The Courier News from Blytheville, Arkansas on May 25, 1950 · Page 1
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The Courier News from Blytheville, Arkansas · Page 1

Blytheville, Arkansas
Issue Date:
Thursday, May 25, 1950
Page 1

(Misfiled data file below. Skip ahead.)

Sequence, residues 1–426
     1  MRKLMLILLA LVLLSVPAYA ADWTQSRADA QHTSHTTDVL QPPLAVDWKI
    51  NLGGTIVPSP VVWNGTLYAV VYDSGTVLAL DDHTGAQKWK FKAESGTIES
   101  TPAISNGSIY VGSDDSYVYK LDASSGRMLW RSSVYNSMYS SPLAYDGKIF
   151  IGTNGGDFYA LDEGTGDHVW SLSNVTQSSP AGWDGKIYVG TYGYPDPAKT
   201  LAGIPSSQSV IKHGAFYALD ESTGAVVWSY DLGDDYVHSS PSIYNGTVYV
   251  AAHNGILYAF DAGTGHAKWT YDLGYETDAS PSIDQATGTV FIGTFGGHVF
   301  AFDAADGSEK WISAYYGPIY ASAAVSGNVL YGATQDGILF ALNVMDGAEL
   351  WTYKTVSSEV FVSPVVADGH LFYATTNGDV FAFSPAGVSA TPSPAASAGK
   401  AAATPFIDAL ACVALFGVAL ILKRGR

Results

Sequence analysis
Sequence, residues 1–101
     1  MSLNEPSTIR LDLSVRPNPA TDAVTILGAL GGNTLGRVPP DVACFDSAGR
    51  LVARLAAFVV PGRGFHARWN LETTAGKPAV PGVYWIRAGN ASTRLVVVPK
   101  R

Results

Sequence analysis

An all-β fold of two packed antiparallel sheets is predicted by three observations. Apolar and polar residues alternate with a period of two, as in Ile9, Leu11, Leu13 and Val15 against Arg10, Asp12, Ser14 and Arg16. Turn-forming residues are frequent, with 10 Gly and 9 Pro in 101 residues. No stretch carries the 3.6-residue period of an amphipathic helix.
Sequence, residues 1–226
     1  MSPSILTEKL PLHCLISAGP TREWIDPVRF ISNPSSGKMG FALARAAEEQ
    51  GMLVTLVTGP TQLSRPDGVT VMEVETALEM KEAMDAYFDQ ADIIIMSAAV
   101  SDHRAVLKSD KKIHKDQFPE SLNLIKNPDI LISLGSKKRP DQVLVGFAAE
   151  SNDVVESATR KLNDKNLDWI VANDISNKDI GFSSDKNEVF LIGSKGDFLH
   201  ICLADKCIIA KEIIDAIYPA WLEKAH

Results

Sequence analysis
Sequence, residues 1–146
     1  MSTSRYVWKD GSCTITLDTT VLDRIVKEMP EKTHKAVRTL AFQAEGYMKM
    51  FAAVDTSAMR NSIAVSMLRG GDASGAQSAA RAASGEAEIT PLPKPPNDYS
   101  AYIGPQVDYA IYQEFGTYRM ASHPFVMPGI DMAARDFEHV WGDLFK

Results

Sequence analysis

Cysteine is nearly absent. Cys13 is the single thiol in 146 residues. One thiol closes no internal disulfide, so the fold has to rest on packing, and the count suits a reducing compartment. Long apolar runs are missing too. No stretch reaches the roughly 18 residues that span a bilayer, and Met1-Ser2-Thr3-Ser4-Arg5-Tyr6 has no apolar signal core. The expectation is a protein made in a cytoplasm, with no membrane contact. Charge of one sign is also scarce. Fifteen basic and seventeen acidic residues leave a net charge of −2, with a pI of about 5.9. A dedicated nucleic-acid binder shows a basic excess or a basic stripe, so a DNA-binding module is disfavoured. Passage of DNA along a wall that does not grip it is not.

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BLYTHEVILLE COURIER NEWS VOL. XLVI—NO. 54 Blythevlllc Courier Blyihevllle Dally New* Mississippi Valley Leader Btolhevllle Herald THE DOMINANT NEWSPAPER OF NORTHEAST ARKANSAS AND SOUTHEAST MISSOURI BIATHKV1LLK, ARKANSAS, THURSDAY, MAY 25, 1950 SIXTEEN PAGES SINGLE COPIES FIVE CENTS Huge Atom. Plant Building Project Closed §y Wildcat Walkout of AFL Union Workers OAK RIDGE, Term., May 25. w>>—A niamnioth atomic plant construction project was shut down completely today by a wildcat walkout of AFL workers. The strike, which members of the Laborers and Hodcarrlers Union began yesterday without warning, spread to all other crafts working on the project, the Atomic Energy Commission reported. "The project Is competely shut down," said an AEG spokesman. "We haven't been Informed by the union or anybody else as to what the walkout Is all about." "The laborers started Ihe strike yesterday and today the craftsmen joined them," the spokesman, who withheld use of his name added. The strike came a day after an arbitration board had ended > hearing on a wnge dispute Involving the Laborers and Hodcarrlers' Union. Some 3.000 workers are affected by the walkout, The AFL crafts Involved arc members of the Knoxvillc Building Trades Council, whose officials were not immediately available lor comment Picket lines were estibllshed outside the various entrances lo this atomic city early today, and by mid-morning pickets also appeared ncnr a gale to the restricted area. One union official, John S. Turner, a conciliation consultant for the hodcarrlers, joined the AEG in saying he didn't know what brought about the walkout. "t haven't the slightest Idea who the Instigators of this tiling " said Turner, adding that the union did not authorize the strike. fire, Turner said he would "talk to the boys" them back on the job. again and try to get Binaggio Men Indicted by Grand Jury KANSAS CITY, May 25. (/T>— Three henchmen of the Clmrlcs Illnaggio iiorthsldc political organization, Including gambler Waller L. Hamey, were Indicted by n federal grand jury here to- tiny on charges of Income tax evasion. The other two were Samuel (Jew Baby) Goldberg, and Johnny (The Mng) Mangtnrnclnn. Both Halney and MaiiBlnrncina were each Indicted on three counts and Goldberg on five Hail Damages Missco Crops On 5,120 Acres Replanting of 70 Per Cent of Cotton In 8 Square Mile Area Required a± An hour-long hail storm yesterday afternoon caused mmi "moderate" to 90 per cent crop damage in about an eight square mile area in Mississippi County. Keith J. Bilbrey, county agent,*— .— laid that the area was south of Ehonyo and enst of Lost Cane to include Lowden, and would result in •bout 70 per cent of the cotton in that area, being replanted. In many Instance.? it will make Hie third time for the crop to be planted since poor stands had made second planting necessary on from »0 to TO per cent of the farms In ttis county. According to Mr. Bilbrey, cotton WM th« hardest hit of the crops, .with corn and soybeans being sev- tr«ly shredded, but he said they would probably recover. , Mr. Bilbrey also indicated that •otr,« of the damaged cotton could »ot be replated until the water, MtiMed by recent heavy rains, was aH the land, and that it would be •o Iftte that probably soybenns ( -and ( • would replace , the .; damaged ....... Truman Disdains U.S.'Super Rule' . Bilbrey Ing was causing quite, a glooiriy ont- ' kxik for the cotton planters inrthat vicinity, which includes A. J. Lewis on the Ivowden plantation and Cline Dobbs, .on the Tomorrow Farm, . owned by Noble Gill and B. 8. Simmons. '• ; The worst hall damage appeared to bft in the area just north of the A. J. Lewis Gin, and extendin: south to the Clem Whistle Farm. Kail ff.ll as far north as John Stevens Gin on Highway 18. but the anfl a ccmilg crop damage did not extend that I jj le nmolm ^ ^ far. The second hnil storm within the week hit Yarbro yesterday, but according to George Dillnliunty, Ben Abbott and V. M. Bristcr. farmers In thB' - -i, there was no serious damage. Beauty Pageant- Child Division Entries Sought Parents should not wait for an Invitation or sponsor to enter their children in the Junior Miss Blytheville and Jaycee President of 1975 contests being sponsored by the Jilythcville Junior Chamber ol SJfommerce in conjunction with the Miss Blytheville Beauty Pageant, a contest official said today. Mrs. Rouse Harp, entry chairman of both contests, said that some parents have failed to enter their children because of luck of cither sponsor or invitation. "It is advisable," Mrs. Harp said, "to register entries as soon as possible. Any child who has not reached his sixth birthday and who will be at least three years old hi June is eligible." Entries may be made by cnllin: Mrs. Harp. President Voices Opposition to FEPC On Voluntary Basis WASHINGTON. May 25 President Truman said today he sees no reason for a super government In this country. That was his reaction to a proposal to set up a. commission .on national security to study seciiritj measures. . " ^,,He, said,, lie; is,,tryiji« to-nin' the £oyernBM9at; under the constitution conference when 1 - he was asked to comment on tf Washington Pos editorial proposing the bipartisan commission. Tlie post suggested the agency could survey such questions as fifth columns; civilian defense^' development of new weapons and size and use of military expenditures. • AVork on Defense Budget Mr. Truman said work is going ahead on the defense budget .for the fiscal year starting July 1, 1951, and a ceiling has been placed on 3iml the military can spend. He would not disclose the ceiling, but several weeks ago he said the next defense budget would te lower than the proposed outlay of around 514,000,000,000 In the year starting next July 1. Against Voluntary ] On other matters, the President said he was ngainst setting up Fair Employment Practices Commission on a voluntary compliance basis. Some legislators are proposing that plan as a compromise for the President's request for an FEPC with power lo enforce bans against racial nnd other discrimination in employment. He snid he docs not intend right now to go into the situation involving Robert Deiihnm, general coun- s«J of the. National Labor Relation* Hoard.' A reporter said Senator Humphrey (D-Minn) had asked thnt Denham be tired. At the outset, the President announced' an_ agreement with Britain and France to supply arms lo Israc: and the Arab states for the defense of those Middle East countries. Bidding on New School Postponed Till June 6 Deadline Reset After Change in Completion Date —Courier News Thoto All! SPRINGl^School Is out for those youngsters and they lost no lime In seeing what they could do toward breaking up a few schools of fish In session in the pond at Walker Park. N(. fancy rods, reels, creels or tackle boxes for these lads—just a cane pole. Hue, gunny sack and can or worms. And perhaps m fish than their lancily-equlpped elders... U.S. Officials Skeptical Of Lie's Cold War Idea ', .-./•>yK jA81 ' I NGTON,,Mfiy/ 1 25. 1 (it'i —American .foreign policy officials from Prcsi'cfent Truman down today evidenced a cautious and skeptical attitude ' toward Trygvc Lie's belief that negotiations to end the cold' war Vre possible. «. 2, Mr. Trutnan was asked at his New York Stocks Weather Arkansas forecast: Partly cloudy this afternoon tonight and Friday. COOLER Widely scattered mostly afternoon thundershowcrs. Cooler In extreme north portion tonight and north- and extreme north Friday. Missouri forecast: Parity cloudy with scattered showers and occasional thunderstorms tonight/ and in Ihe south and cast portion Friday; cooler south nnd east central Friday; low tonight 65-10 southeast; high Friday 80-85 southeast. Minimum this morning-62. Maximum yesterday—92. Sunset today—1:03. Sunrise tomorow—4:51. Precipitation 24 hours to 7 a.m. today—.15. Total since Jan. 1—23.86. Mean lemperaliire .midway between high and lo-*)—87. This Date Last Year Minimum this morning—51, Maximum yesterday—11. J * n ' l lo lhis dale Closing Quotations: •\ T A: T Amcr Tobacco Anaconda Copper Beth Steel Chrysler Gen Electric Gen Motors Montgomery Ward .. N Y Central Int Harvester National Distillers ... Republic Steel Radio Socony Vacuum .... Studehnker Standard of N J Texas Corp J C Penney U S Steel 161 3-1 67 133 37 169 349 188 360 314 , 29 . 22 1. 33 3. 19 5. 18 7. 31 1. 75 I. 69 1-2 . 59 1-2 . 33 was cws conference what he thought bout the U.N. secretary general's fforts to arrange negotiations mong the United States. Britain, 'ranee, Russia and possibly other ;ading United Nations members. The chief executive answered arefully that he knows nothing bout Lie's efforts and will make io statement on them until be hns alked with the secretary of state. Lie relumed lo New York today rom Europe where he conferred with Premier Stalin and with Bri- tish and French government officials. He will come to Washington In a few dnys to see the President and Secretary of State Acheson. Acheson meanwhile is returning to this country from London where he wound up last week a scries of diplomatic conferences aimed nt strengthening the western coalition agninst Soviet Communism. Lie's expre.scd hor'fulness has not stirred any sign of optimism at the Stale Department or In Congress. Couple Retires Following 15 Years Of Teaching in Mississippi County Mr. nnd M,;>, >Y. n. busy moving today following Ihelr retirement after 15 years of te.sch- ychool in Mississippi County. Their retirement, however, marks the end of a combined teaching service of iej.rly 60 years. Both have been teaching In the Ground-Breaking for Osceo/o Church Building to Be Sunday Ground-breaking for a $100.000 educational building for the Os ceola Presbyterian Church is scheduled to be conducted at the closi of the worship service Sunday morning, according to the Rev. L. 1 -* Lawrence, pastor. The $100.000 project Is a part o $150,000 expansion program bein planned by the church, which is on of the oldest in the county, havln been organi7.ed in 1&S5. Construction on the building I due to begin on Monday. Tlie ground-breaking ceremonic are to begin with H procession. lc by the Rev. Mr. Lawrence, from th present sanctuary to the site of th education building on the acljacci lot. The procession Is u> De led by 111 pastor, with the choir, members the building committee, elders an deacons, church officers, and th congregation participating. It. C. Bryant to hrc.-ik Ground After singing of the hymn, "Th Church, One Foundation," the firs shovel of dirt is to be turned by R C. Bryant, chairman of the build Ing committee. Other commute members will follow in the gronn breaking. They arc Mrs. Arthur \V Bowen. Richard Cromcr, Jr.. Haro! Ohlendorf. and Harold E, Phillip. Representatives of the church roga nizations will also participate. Th sroup is to Include A. W Bowc Sunday School superintendent; Mr Arlhur L. Rogers, vice-president the Women of the Church; Mi Marjorie Doyle adult sponsor; Mi Jcannetle Bowen. president of th Presbyterian Youlh Pclowshlp; and George Doyle, president of the Men of Ihe Church. After the ground breaking, the congregation and participants will join In a circle for the Mizpah benediction and the singing of the rtox- ology, led by Dalton Fowlston, choir director. Added Balanced : arming Contest Awards Pledged Additional county prize money as been pledged to the ID50 Ark- isas Balanced Farming contest. :>. C. Neal, county supervisor of Ihe Arm-era Home Administration, nn- lounced tociay. 'Mr. Neal said that the First Nn- lonnl nnd Farmers banks of Blytheville have both offered to lake cash awards to winners on he comity level. Previously. Arkansas - Missouri •ower Co. spokesmen said the com- iany would continue to support tlie Jalanccd Farming program by naklng cash awards to Mississippi ;oiinty winners. Mr. Neat said that 400 entries are expected in this county. Approximately S.OOO farmers have alre-dy entered the contest in Ark- Two Fishermen Fined in Court Two men were fined In Municipal Court this morning on their pleas of guilty to charges of violating state game and fish regulations. Narl Nunnally was fined S25 and cjsts on a charge of fishing without a resident fishing license and John Ide was fined $10 and costs on a charge of taking bass below the minimum length limit. The court suspended $15 ol N'un- nally's fine and all of trie's on recommendation of Ihe state. Hearings for Robert Trimue on charges of reckless driving, driving while under the Influence of liquor and snccding were continued until June 5. New York Cotton July . Oct. . Dec. . Mar. . May . Open Hiqh Low close 3320 3323 3316 3322 31S6 3197 3188 3189 3180 3184 3176 3178 3189 3189 3180 3184 3182 3185 3117 3181 service with the Army in World War I. He served overseas and remained with the Army of Occupation along the Rhine for eight months after the armistice. Mrs. Lewis' teaching career began In 1927 and she has been a teacher Forty and Eight school since 1943. since. They began teaching li Mississippi Since coming to Mississippi County. Mr. and Mrs. ounty in 1935 In the school at Lost Cane. Their retirement occ me effective May 19, when school ended for the summer at Lost Cane. Mr. Lewis began his" teaching career In 11)14 and taught school almost continuously since then. His Entry blanks, which may be ob- aincri In the Farmers Home Administration office in City Hall, the county agent's office and from vocational agriculture instructors, must be In the hands of contest officials in Little Rock by June 1. Deadline for submitting bids on lilyfhcvillc's new while high school WHS moved tip lo .huie (i l>y the board of directors of Rlythcville Special School District No. 5 yesterday lifter-noon, when the bids were originally scheduled lo be opened. Jinx B. Reid, scliool board president, said the bid deadline was advanced because prospective bidders had tolt: the directors that meeting the original Feb. 1 completior date would increase tlie cost of the new stnictiire. The prospective bidders were Instructed to re-submit their bldf. based on n construction deadline of Mny 1, 1951, Mr. Reid said. Mr. Reid said prospective bidders (old the school board that If 11 Feb. l construction deadline remained effective, they would have tit Increase Iheir bids lo compensate for any penalty provided in the contract for exceeding the deadline. Waul lei Avoid En Ira Cost Since all available money will br needed to finance construction Ihe new building, Mr. Reid said the board felt it could not lucui the added cost that would thus re suit from retaining the Feb. I dead line. Bids had been scheduled to be re celvcd until 2 p.m. yestciday am then opened and read publicly., When it was announced Mny that bids were to be opened yesier day, it also .was revealed that number of ehniigcs had been mad ill original plans for the building. Mr. rtcid said yesterday that n further changes have been mad .since these revisions were unnounc ed. Present plans call for nn F,-shap ed brick nnd tile strucmre conlnh ing 18 classrooms, auditorium, 1. brary, offices, and teachers' lounge A music room and "little theater room also will be Included If l nances permit. To Accoimnc-ilalc ROD Students To be erected on an 18- acre st located north of the present nig school .the new building will fa ™uth. It will accommodate CM < more studenL-i. Separate bids for general cm structton work, heating, plumbli and wiring are being asked by t) school bonrd. Financing of construction of IV new high school building will con from a $450,000 bond Issue approvi last year by Blytheville voter.;. Tl Issue was sold lo provide funds for building a new Negro high school, an annex to Langc School and other smaller Improvements in the dis- Guards Posted in Berlin To Keep Youth Out of West UERUN. May 2S. M't— Red police posted guards along the Russian sector boundary today lo keep some 100,000 "Free German Youth," (PDJ) marchers, now In East Berlin, from straying to the West. Soviet-controlled newspapers blared a warning that "Anglo- American incendlnrlcs are throwing young German peace lighters In jail just for wearing the blue shirt." West German police confirmed that they Imve arrested 15 .FDJ members since Monday ror riding In trucks decorated with Communist propaganda. Red ollicials charged that the arrest total was far higher. Meanwhile, PDJ cohorts continued to pour Inlo East Berlin by train and truck every hour. With 100.000 already here. Communist, youth officials predicted that the figure would double by tomorrow. Apparently apprehensive whether they can keep the swelling mass from flooding'over into the Western sector, the Bust Germans announced hopefully: "Our people's police .will protect our peace fighters from unwillingly overstepping Ihe sector boundary at the most dangerous points." Secretary Snyder To Arrive Tonight Secretary of tlic TreiiHiu-y John Snyder. was scheduled to arrive in JJlylheville tonight, and the Blytheville Chamber of Commerce today was completing plans for putting out Senators Await Amerasia Report 'Wild Bill' Donovan To Give Information In Communist Check Irlct ns well as the new while high school. The Negro school and Large annex already have been completed. the welcome mat for the former Biylhevilie~b;inker. - + Alvln Huffman, Jr., snid that each ol the civic clubs was to have a carload of representatives to assemble at the clly hall til, 10 a.m. lo- morniw, lo drive to Dell to escort Mr. Snyder to IJlythcvtllc. He is to spend tonight at Ihe home of hi* wife's sister, Mrs. 13. S. Slmmonj at Dell. To Be Greeted by Mayor Representatives from the Llon« Club. Rotary Club, Klwanls Club American Legion, Junior Chamber of Commerce, nnd the Chamber of Commerce, along with Mayor Doyle Henderson, are scheduled to compose the escort from Dell. The formal greeting will be given by Mayor Henderson. A police escort Is to lead the guest and those greet- llig hinP'ba'ck to town. The hfgh school band will meet the group at, Sixth street on Main nnd lead the nrocesslon down Main street and back on Walnut lo the Hotel Noble, where Mr. Snyder Is scheduled to speak to a Jrlnl. meeting of Dlylhe- vlllc'r three civic clubs. <• Mr. Snyder Is scheduled to rid« through the clly In a convertible, driven by Eugene still. A nephew, William Lawshe. his brother-in-law, B. S. Simmons, and Mayor Henderson will rldo with him! Welcome Ranncr Displayed Others In the parade also will be In convertibles. When the group rcacScs Main Street n large welcome banner will greet Mr. Snyder. The banner was being put up today, and all merchants were to be notified to have flags out for the occasion. His Address before the joint meeting of Lions. Rotary, and Kiwani.i Clubs Is to be his only public appearance during his visit of several days here with the Simmons. • He Is to come to Ellythevillc Irom Little Rock. Fie was at Hot Spring yesterday and Is scheduled to be In Forrest City next Tuesday. F. L. Regan Hurt In Auto Accident F. L. Rrp.111. owner of Regan Gin on South Elm Street, was in Campbell's Ciitiic in Memphis today, where he is undergoing treatment for an arm injury -eceivcd in an auto- accident Tuesday night near Marion. Mr. Regan suffered a fractured elbow and a lacerated arm. Associates of Mr. Regan In Blytheville said today he was injured when his car was sidcswipcd by a truck on the cutoff road between Highways 64 and 70. The accident occurred about 9 p.m.. when Mr. Regan was enroulc to Blytheville from Hot Springs. He Is expected to remain in the clinic about two weeks. Mrs. Regan and their two daughters. Patsy and Judy, were in Memphis with him today. Mr. Regan returned lo Blylhcville after the accident and went to Memphis yesterday. The KH3 Buick he was driving was considerably damaged, Mr. Regan's associates said today. He was alone m the car. CHICAGO. Mny 25. soybean quotations: High •Hy . :i,21 Nov 2.30 Jan 2.31 M By MARVIN I.. AKKOVVSMITI! WASHINGTON, Mny 25. (/!')— Senator:) Investigating the mysterious Amerasia* case of 1045 • awaited conlideiilliil report today frdm William J. (Wild Bill) Donovan.'He headed the suiter-secret wartime Office of Strategic Services (OSS). Senator McCarthy (R-Wls) mnde ready, meanwhile, to make public whnt he described ns Important documentary Information dealing with his "Communist" charges ngalnsl Owen Lattlinore, writer and specialist on the Far Enst. McCarthy promised to provide the data when he speaks tonight (6 p.m. EST) to a convention of Catholic editors In nochcstcr, N. Y. Edward P. Morgan, chief counsel for a Senate foreign relations subcommittee conducting the Amcrnsla Inquiry, disclosed that members of tlie group's staff—made up of former FBI agents—questioned Donovan about the case In New York yesterday. Also questioned there. Morgan told reporters, was Archbold Van Bciiren, who helped handle the Amerasia ease for Ihe OSa Morgan said material obtained front Donovan nnd Van Deuren would be brought from New York today for study by the committee members. Tlic Amerasia magazine case broke In June 1045. three months after an OSS agent. Prank IJIclas- kl, raided the publication's New York headquarters and found a mass V-Clo.sing of secret government documents The magazine, no longer published. Low Close was a Far Eastern affairs organ a.H'.i 3.21 Kin Ualil Follows 2.25 1 .-; 2.28 The PHI followed up the OSS 2.2G'i 2.29 Scr A.MKKASIA on 1'agc 9 N. O. Cotton July Oct Dec Mar. May Open High In-K 3309 3310 3300 31B7 3191 3180 3172 3170 3168 3180 3180 3175 3173 3178 3111 Close 3310 3180 3169 3172B 3171 Mr. and Mrs. Lewis have ac- nuired land here and in Southeast Missouri. They are building a home in Blytheville. They were guests of honor at a shower last night given by members of the Huffman Baptist Church. ECA Savings Reported By Paul Hoffman WASHINGTON, May 25. (if, — B:CA Chief Paul Hoffman disclosed today he has saved $271.000,000 of this year's European Recovery fund and that a $129,000.000 cut may be made In aid lo Britain. Hoffman gave this report to the Senate Appropriations Committee in a two-and-a-hal(-hour session. Harry Gold Stays in Jail PHILADELPHIA. May 25. Ml — Harry Onld. 39-year-old chemist accused of delivering America's aU>rn- Ic secrets to Russia, remained in jail today while members of his family sought a lawyer to represent him. His brother, Joseph, 33. told neas- men that the lawyer's first action — after he's hired—will be lo bring habeas corpus proceedings In an al- tempt to reduce the SIOO.OOO bail set for Harry Tuesday night oy Federal District Judge James P McGrancry. The accused spy is under quarantine at Holmcsburg County Prison and officials advised his brother and father that they coulcl not visit him 157 Get Junior High Diplomas Here / i^JPWWW i_L4 W AWAltn W1NNKKS—The four students shown above are award and mednl winners who were recognized this afternoon at Ihe Blythcville Junior High School graduation exercises. They are deft lo right) Owens, science award; Lonia Homer, history award, Marjorie Daughterly, mathematics award, and Brill Louise Goff. English award. One hundred fifty-seven Blytheville Junior High School students were saying good-bye to Junior high days at 3:30 this allernoon. when II. O. Partlow. prosecuting attorney, addressed the group at ginduatlon exercises. Four students also were lo receive special recognition (or outstanding achievement, Louise Goff, daughter of Mrs. Martha E. OoIJ, was to receive the English award, presented by the Blythcvillc -Woman's Club; Marjorie Daughterly, daughter o! und Mrs. Luther Daughterly. : was lo receive the mathematics award, presented by the \Vom^n': : Club; Britt Owens, son ot Mr. and Mrs. S. C. Owens, wx? to be award ed the science medal, presented by the Blytheville Lions Club; and I/irna Horncr, daughter of Mr. and Mrs. Jess Homer, was lo receive Ihe history medal, sfAinsorcd by Ihe American Legion. The awards were to be presented Uy W. B. Nicholson, superintendent of Blytheville Schools, following Mr. Pavtlow's addrtss. The program Included the invention by the Rev. Leroy Henry, .istor of the Yarbro Methodist .hurcb, benediction by the Rev. G. •Ilessler, pastor of the First L\ilh- •ran Church; and two musical num- oers. The Girls Glee Club will sing 'Thanks Be to God," and the mixed, chorus "On Wings of Song." Mr. Wilson Henry «•!", direct the numbers and Mrs. JeA: Homer was the accompanist. Diplomas were to be presented by C. C. Langslon, a member of the See JUNIORS on Pate 19